LOUISIANA - Louisiana Republican Party Chair Louis Gurvich laments the use of the nonpartisan, "jungle primary" system in the state's elections, and is calling on "that hallowed day when the return of closed primaries dawns in Louisiana."
Why? Put simply, too many Republicans are running for office. Ironic, no?
The race for secretary of state is headed for a December runoff, a race that could have ended with two candidates in the same party advancing to the runoff ballot. It didn't, but Gurvich dreads the scenario in which this means two Democrats.
"As a party which has openly disavowed the requirement of voter identification credentials at the polls, a Democrat in this office would be disastrous. A republic without confidence in the integrity of its elections is a doomed republic," writes Gurvich.
The GOP chairman specifically takes issue with too many underfunded Republicans running for office, and "fratricidal attacks" among these candidates. He said the party was within 60,000 votes of two Democrat advancing to the November election.
Again, it didn't happen, and 60,000 votes is a margin of 4 percentage points between the second place Democrat and the first place Republican, who actually took the most votes on Election Day.
Regardless, the problem Gurvich has really doesn't come down to the system, so much as it is the Republican Party's inability to keep its house in order and keep the peace among candidates running with an (R) next to their name.
The parties' inability to control who ends up on the general election ballot irks party leaders in states with nonpartisan systems like the "jungle primary" in Louisiana or the nonpartisan, top-two open primary in California and Washington state.
That is why Gurvich wants to move to a closed primary process. That gives these parties and their members an inherent advantage to decide who ends up representing all voters, while marginalizing and disenfranchising the voices of those outside the major parties.
This is not to say that the "jungle primary" does not have its issues. For instance, issues like vote splitting and the spoiler effect (as we see in Gurvich's op-ed) exist.
And, if a race does go to a runoff, it won't be decided when the most voters participate, ensuring that the winner will not actually have majority support from the largest voting bloc in the election.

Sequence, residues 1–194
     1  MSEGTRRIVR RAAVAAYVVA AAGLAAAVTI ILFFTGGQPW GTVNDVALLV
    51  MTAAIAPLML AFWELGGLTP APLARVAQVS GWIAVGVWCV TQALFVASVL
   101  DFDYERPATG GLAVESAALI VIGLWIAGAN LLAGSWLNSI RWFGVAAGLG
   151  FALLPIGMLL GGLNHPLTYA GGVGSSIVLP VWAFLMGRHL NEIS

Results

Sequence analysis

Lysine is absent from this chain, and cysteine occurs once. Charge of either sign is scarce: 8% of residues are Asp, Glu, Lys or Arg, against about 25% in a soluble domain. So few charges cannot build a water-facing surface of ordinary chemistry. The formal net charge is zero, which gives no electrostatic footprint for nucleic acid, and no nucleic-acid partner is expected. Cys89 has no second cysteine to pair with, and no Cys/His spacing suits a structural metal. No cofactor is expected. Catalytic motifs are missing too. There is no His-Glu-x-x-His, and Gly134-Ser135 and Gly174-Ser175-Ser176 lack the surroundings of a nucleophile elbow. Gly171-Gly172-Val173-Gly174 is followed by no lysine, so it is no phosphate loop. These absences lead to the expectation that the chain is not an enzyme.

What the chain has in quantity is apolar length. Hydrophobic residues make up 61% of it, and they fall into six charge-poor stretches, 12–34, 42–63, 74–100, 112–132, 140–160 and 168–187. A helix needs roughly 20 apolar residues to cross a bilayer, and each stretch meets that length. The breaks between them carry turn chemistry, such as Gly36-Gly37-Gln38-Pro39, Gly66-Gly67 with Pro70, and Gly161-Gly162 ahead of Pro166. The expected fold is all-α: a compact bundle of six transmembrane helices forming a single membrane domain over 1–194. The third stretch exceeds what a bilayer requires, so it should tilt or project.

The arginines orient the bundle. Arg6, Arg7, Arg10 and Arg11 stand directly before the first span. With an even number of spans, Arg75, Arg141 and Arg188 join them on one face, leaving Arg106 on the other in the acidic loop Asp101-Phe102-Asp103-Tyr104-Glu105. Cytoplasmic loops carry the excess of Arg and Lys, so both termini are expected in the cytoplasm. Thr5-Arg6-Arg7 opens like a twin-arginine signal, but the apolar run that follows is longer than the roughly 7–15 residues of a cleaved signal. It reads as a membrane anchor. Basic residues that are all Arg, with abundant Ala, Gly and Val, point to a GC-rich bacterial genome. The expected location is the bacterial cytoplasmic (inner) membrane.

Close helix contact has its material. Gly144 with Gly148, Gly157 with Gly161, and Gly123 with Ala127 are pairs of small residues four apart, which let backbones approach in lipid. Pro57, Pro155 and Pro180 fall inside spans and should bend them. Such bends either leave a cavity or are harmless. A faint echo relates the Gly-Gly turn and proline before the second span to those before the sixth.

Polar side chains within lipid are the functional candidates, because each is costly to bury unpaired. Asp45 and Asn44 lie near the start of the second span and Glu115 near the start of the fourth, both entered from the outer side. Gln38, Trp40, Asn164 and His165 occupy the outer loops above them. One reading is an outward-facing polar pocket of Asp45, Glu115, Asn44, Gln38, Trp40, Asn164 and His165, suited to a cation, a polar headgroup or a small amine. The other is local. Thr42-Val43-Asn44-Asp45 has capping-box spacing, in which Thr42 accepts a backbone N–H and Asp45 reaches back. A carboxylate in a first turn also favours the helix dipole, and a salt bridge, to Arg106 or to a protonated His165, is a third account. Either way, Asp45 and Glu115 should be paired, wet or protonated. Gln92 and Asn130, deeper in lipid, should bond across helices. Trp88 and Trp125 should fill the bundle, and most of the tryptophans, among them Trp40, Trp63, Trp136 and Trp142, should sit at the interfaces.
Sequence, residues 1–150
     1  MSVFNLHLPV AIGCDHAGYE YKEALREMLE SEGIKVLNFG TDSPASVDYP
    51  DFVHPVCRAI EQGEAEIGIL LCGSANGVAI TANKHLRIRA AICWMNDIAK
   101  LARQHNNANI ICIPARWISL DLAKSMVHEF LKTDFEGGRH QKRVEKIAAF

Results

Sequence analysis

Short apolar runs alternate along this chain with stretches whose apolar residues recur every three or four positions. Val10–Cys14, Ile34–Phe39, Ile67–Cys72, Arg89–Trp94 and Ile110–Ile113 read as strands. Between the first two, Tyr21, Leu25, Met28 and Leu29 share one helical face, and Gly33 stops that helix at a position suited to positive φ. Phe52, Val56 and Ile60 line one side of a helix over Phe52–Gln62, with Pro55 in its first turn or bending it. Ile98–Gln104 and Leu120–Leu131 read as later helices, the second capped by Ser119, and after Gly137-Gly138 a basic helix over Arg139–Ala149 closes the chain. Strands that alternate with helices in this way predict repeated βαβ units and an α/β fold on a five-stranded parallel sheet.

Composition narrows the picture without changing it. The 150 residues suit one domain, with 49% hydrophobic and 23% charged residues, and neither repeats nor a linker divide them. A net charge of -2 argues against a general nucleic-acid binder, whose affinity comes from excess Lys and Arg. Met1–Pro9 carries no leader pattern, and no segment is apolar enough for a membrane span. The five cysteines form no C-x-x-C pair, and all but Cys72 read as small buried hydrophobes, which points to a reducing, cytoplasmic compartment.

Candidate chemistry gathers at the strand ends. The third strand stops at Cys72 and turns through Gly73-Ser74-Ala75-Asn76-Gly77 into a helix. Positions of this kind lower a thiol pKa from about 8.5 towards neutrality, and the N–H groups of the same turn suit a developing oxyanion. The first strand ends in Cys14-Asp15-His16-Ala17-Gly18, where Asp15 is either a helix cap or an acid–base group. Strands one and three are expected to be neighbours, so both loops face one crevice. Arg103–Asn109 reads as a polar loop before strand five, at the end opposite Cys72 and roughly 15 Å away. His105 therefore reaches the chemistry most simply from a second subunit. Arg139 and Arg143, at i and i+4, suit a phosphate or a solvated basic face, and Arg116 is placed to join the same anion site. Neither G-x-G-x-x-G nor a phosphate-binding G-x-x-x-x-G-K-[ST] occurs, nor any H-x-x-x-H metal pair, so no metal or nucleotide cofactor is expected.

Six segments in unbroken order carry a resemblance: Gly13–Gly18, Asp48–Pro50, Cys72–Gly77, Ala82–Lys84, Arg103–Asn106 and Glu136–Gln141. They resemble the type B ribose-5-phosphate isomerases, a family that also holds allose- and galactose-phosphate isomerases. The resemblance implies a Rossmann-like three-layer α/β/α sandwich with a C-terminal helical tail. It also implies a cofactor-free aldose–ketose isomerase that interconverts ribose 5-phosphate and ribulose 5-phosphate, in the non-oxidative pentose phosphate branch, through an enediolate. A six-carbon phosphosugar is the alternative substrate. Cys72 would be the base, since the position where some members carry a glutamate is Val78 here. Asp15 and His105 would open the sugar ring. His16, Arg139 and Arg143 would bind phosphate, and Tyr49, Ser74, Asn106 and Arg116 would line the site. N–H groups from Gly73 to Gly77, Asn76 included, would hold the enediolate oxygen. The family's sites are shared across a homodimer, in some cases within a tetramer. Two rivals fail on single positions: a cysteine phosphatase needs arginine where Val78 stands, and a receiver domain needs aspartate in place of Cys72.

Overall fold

This is a dilemma for voters. But that is what matters most: How does the system affect voters, first?
Does the system create a level playing field for voters? Does it empower their voice at the ballot box? Does the system serve the nonpartisan, public purpose of bolstering voters' rights while creating a system where voters can leverage their power to create greater competition among candidates for their vote?
That is a system that nonpartisan reformers strive for, whether we are talking about nonpartisan open primary reform or anti-gerrymandering reform or reform to replace the choose-one voting method with an alternative method like ranked choice voting or approval voting.
However, finding the absolute perfect electoral method is not easy. It may require trial and error. It may not work for every city, county, or state.
More importantly, though, nonpartisan reform requires patience. Our elections will not get better overnight. It will require big leaps at times (adopting bold, new proposals), and it will require baby steps to ensure we have the best system for voters.
Gurvich, like many party leaders of the Republican and Democratic Parties, believes the two largest private political corporations in the US are entitled to control of the electoral process. They believe the system exists solely to serve their interests and the media and moneyed interests who support them.
Gurvich could not be more wrong.
The system should serve the interests of voters. It should empower their voice. It should encourage greater competition for their vote.
Parties and candidates should have to work for more people's votes. That is how we get to a more representative, more accountable, and healthier political process.